Minneapolis (CNN Business)Buy Now, Pay Later installment plans have become popular among consumers seeking to spread out the cost of big-ticket purchases. But now, rising prices have some cash-strapped shoppers reaching for these alternative payment methods for everyday purchases, such as their daily coffee, gas station fill-up or grocery run, as well.
That’s a concern for economists and consumer advocates, who say the surge in the use of these services, coupled with a lack of transparency and little regulatory oversight, leaves them wondering just how much debt Americans are actually getting into.
While other household debt, such as credit card spending and auto loans, is gathered and tracked by the Federal Reserve, Buy Now, Pay Later (BNPL) data is not included because the financing is typically provided by non-bank sources and not yet reported in a comprehensive manner to credit bureaus.
That means there’s no publicly available database of BNPL-related consumer debt levels, transaction volume, delinquency rates, and fees and interest charges.
“There’s no question there’s a big hole in our understanding of people’s financial situations, if you don’t include Buy Now, Pay Later,” said Matt Schulz, chief credit analyst for LendingTree. “And that’s a problem for credit scoring companies, credit bureaus and for lenders.”
From Affirm and Apple to PayPal and Zip, BNPL transactions are currently estimated to be at least $100 billion annually — a figure that analysts say could skyrocket to between $1 trillion to $4 trillion within a few years. These services split a purchase into four or more installment payments over a period of few weeks or months. They are typically offered with zero or minimal interest, and often come without a credit check.
To make money, the BNPL providers charge merchants between 1.5% to 7% of the transaction price, according to Kansas City Federal Reserve research. For some retailers, the costs are worth it, according to research from RBC Capital Markets, which showed online BNPL offerings boosted average ticket sales by 30% to 50% and increase the share of customers who ultimately made a purchase.
Despite its rapid growth, BNPL has raised red flags for economists, regulators and attorneys general. They’ve cautioned that because the services are not regulated as credit products, it has resulted in a Wild West-style market with varying terms and conditions and few checks and balances.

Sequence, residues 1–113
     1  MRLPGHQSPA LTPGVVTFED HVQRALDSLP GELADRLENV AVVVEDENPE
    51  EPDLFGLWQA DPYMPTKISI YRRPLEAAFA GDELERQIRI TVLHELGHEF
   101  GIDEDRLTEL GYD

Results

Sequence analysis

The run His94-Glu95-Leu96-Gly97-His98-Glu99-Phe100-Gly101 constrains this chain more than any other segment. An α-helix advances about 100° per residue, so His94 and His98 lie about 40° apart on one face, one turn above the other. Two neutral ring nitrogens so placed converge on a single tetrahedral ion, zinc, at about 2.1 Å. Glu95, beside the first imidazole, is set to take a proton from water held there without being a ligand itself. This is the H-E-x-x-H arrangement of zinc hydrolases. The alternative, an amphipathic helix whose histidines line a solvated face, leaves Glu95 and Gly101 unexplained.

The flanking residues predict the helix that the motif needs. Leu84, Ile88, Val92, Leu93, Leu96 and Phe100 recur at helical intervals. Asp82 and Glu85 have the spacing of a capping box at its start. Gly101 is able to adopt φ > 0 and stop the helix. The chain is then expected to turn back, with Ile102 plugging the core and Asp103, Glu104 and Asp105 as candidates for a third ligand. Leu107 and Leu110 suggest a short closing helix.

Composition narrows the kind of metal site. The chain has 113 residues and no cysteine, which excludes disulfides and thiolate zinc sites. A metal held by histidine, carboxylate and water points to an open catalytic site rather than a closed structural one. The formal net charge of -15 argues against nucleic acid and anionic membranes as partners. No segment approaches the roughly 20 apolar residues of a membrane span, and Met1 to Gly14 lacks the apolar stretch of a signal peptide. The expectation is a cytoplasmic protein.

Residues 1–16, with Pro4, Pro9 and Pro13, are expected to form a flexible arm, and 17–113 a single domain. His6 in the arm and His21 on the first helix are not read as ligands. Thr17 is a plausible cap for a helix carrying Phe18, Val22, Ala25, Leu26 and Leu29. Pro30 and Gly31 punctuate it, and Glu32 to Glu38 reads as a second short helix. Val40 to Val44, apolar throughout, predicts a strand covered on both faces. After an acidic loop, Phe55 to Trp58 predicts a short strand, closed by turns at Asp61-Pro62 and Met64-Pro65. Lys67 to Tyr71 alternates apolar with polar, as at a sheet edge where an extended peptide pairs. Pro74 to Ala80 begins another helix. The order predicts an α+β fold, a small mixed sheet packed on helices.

One significant downside is the opportunity to get into debt fairly easily without realizing it, said Terri R. Bradford, a research specialist in payment systems for the Kansas City Federal Reserve.
The installment process makes it seem like someone is paying practically nothing for the goods or service they’re acquiring, she said.
“So the possibility is that you could, in your mind, think of everything that you’re buying in those four installments and, as a result, take on more debt than you would if you had to pay for them in full each and every time,” she said.
“The opportunity to stack your debt by using multiple Buy Now, Pay Later loans through multiple service providers is one of the biggest risks I see,” she added.
The three major credit bureaus have said they’ll start including BNPL activity on credit reports but they still need to rely on the providers for that information.
The Consumer Financial Protection Bureau said it plans to address these concerns, in addition to probing unclear terms, potential data harvesting, and the lack of other protections. The agency has been collecting information from BNPL providers and expects to publish its findings later this year.
However, the fear is that any potential fixes may not come quickly enough, said Marshall Lux, a Harvard Kennedy School research fellow who authored a recent study on Buy Now, Pay Later. These easy-to-use options are exploding just as people’s financial situations are worsening — creating a perfect storm that will put some of the most vulnerable Americans at risk, he said.